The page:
We’ve seen much speculation in the past month about Facebook’s impending virtual currency tests. Its initial forays will be, by all accounts, relatively simple and small. But it’s the potential of “what Facebook could do” that has everyone talking. Yes, it’s cool that in the short-term, application developers will be able to use its “credits” currency to make money, and it’s nice to see Facebook making a smart business decision, but there’s a larger and more serious question: Can Facebook introduce a universal virtual currency that makes it easier and cheaper to buy/sell virtual and real goods?
The offices of Transonic Combustion are not going to win any design prizes. Located in Camarillo, California, the company occupies a line of anonymous rooms and padlocked garage workshops at the edge of town, where land is cheap and prying eyes are scarce. Alloy-frame bicycles lean against the walls of the computer-stuffed workspaces; wastebaskets overflow with empty Mountain Dew cans. So many nondisclosure agreements have spewed from the printers on the tables that they must be capable of producing them without human intervention.
Because gasoline has historically been inexpensive, U.S. consumers have had little reason to buy fuel-efficient automobiles, giving manufacturers little reason to make them. As a result, today’s cars are amazingly wasteful. Less than 20 percent of the energy in the gas consumed by typical passenger vehicles is used to power the wheels. Most of the rest is lost as heat or sent into the air as pollutants.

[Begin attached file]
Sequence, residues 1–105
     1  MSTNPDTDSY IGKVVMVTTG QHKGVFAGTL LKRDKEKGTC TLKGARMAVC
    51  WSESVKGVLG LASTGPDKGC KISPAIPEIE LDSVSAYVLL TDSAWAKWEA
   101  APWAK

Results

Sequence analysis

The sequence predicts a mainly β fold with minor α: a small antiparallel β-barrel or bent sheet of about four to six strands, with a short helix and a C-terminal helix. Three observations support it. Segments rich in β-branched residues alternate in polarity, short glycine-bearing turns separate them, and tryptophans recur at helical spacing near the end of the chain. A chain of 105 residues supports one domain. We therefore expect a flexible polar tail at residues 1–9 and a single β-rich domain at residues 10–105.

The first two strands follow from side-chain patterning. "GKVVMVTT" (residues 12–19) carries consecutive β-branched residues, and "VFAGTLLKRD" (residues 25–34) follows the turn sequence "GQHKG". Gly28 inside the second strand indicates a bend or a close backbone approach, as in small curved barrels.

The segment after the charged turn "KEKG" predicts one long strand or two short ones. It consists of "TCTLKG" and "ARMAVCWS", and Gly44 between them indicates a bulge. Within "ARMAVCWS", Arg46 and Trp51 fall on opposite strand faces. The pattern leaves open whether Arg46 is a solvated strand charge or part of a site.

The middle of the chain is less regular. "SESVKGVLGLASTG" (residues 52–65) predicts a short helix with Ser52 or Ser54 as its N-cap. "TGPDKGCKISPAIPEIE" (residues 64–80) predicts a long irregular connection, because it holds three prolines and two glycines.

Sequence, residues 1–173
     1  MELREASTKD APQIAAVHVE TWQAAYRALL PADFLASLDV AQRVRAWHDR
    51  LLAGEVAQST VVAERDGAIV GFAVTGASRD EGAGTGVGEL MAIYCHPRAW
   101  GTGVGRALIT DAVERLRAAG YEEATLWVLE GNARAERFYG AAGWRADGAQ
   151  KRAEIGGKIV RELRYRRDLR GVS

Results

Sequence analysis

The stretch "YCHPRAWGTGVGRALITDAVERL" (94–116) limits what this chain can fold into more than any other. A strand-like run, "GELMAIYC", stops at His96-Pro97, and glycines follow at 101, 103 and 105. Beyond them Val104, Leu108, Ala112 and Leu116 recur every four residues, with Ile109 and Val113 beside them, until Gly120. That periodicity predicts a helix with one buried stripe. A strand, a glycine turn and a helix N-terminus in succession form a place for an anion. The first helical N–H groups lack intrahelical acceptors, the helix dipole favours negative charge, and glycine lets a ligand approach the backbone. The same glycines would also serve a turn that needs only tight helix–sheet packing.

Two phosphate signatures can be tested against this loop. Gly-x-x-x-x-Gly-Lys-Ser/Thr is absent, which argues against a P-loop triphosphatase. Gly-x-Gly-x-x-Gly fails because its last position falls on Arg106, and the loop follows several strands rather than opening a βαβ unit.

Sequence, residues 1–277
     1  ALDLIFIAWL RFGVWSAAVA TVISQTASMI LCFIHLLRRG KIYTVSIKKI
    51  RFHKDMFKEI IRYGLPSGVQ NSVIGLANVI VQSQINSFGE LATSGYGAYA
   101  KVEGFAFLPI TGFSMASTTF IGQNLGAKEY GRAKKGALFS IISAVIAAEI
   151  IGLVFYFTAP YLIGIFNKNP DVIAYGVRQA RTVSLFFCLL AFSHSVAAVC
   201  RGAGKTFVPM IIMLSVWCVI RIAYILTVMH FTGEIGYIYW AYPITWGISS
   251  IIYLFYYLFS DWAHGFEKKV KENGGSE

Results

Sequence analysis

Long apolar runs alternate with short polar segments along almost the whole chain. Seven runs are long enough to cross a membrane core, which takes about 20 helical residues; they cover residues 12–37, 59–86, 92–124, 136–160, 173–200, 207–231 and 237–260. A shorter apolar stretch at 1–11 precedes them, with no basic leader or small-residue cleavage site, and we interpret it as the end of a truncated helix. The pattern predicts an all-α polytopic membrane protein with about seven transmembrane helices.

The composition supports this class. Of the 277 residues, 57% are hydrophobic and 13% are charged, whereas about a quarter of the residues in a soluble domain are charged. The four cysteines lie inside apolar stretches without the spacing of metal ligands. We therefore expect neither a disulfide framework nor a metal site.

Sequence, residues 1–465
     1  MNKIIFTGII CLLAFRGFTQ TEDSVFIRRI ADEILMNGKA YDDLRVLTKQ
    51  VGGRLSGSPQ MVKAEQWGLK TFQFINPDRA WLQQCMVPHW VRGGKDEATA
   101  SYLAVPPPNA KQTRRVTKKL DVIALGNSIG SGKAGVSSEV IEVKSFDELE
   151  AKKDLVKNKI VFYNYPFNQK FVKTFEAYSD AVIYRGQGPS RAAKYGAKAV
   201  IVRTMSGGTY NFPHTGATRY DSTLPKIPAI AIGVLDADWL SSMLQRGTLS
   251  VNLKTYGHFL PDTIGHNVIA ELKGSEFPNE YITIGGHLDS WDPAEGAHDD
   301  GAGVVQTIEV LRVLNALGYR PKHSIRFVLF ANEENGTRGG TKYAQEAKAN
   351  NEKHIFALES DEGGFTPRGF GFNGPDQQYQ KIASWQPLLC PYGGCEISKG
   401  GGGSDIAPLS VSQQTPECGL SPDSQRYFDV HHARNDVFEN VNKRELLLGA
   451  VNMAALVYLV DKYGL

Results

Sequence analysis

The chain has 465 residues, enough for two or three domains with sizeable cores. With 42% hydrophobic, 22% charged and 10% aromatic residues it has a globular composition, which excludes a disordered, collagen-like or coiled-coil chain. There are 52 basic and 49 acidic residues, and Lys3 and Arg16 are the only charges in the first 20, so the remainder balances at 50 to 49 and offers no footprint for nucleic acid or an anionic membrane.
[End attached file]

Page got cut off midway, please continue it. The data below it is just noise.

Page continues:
As companies implement virtual goods on applications in Facebook and other social networks, they need better tools for analyzing how people are buying and selling these goods and how to make more money.
As we continue our look at the Facebook Platform payments ecosystem, today we turn our attention to virtual economy payment and analytics platform Twofish. In fact, just this morning Twofish announced the launch of a new product called Twofish EasyElements, an easy to integrate toolkit for managing virtual currencies in social networks and online games.
DocStoc , the site that lets you post, share and embed PDFs, documents and other files — much like its prime competitor Scribd — has emerged from beta with a new look and a new business model . While the site is growing rapidly — now with 1.6 million unique monthly visitors — it’s still running to catch up.
The document sharing site Docstoc, now out of beta, is announcing that it will start splitting advertising revenue with users who upload content to the service, in a new program called DocCash.
Camarillo-based Transonic Combustion, the maker of new fuel injection technology it says could push gasoline engines to 100 mpg, has landed another round of funding.
Transonic Combustion Inc. of Camalito, Calif., which develops new technology that will make auto engines cleaner and more efficient, is setting up offices in Oakland County. “Our team is developing a fundamental, cost-effective improvement in internal combustion efficiency,” said Brian Ahlborn, Transonic’s chief executive officer, who said the company’s ability to attract venture capital is making expansion possible.
Trion World Network’s MMORPG getting showcased this summer. If you’ve never heard of Trion World Network, don’t be all that surprised – they haven’t even released their debut game, Heroes of Telara. However, the developer and publisher today announced that the upcoming MMORPG will be showcased at their first E3 appearance later this year.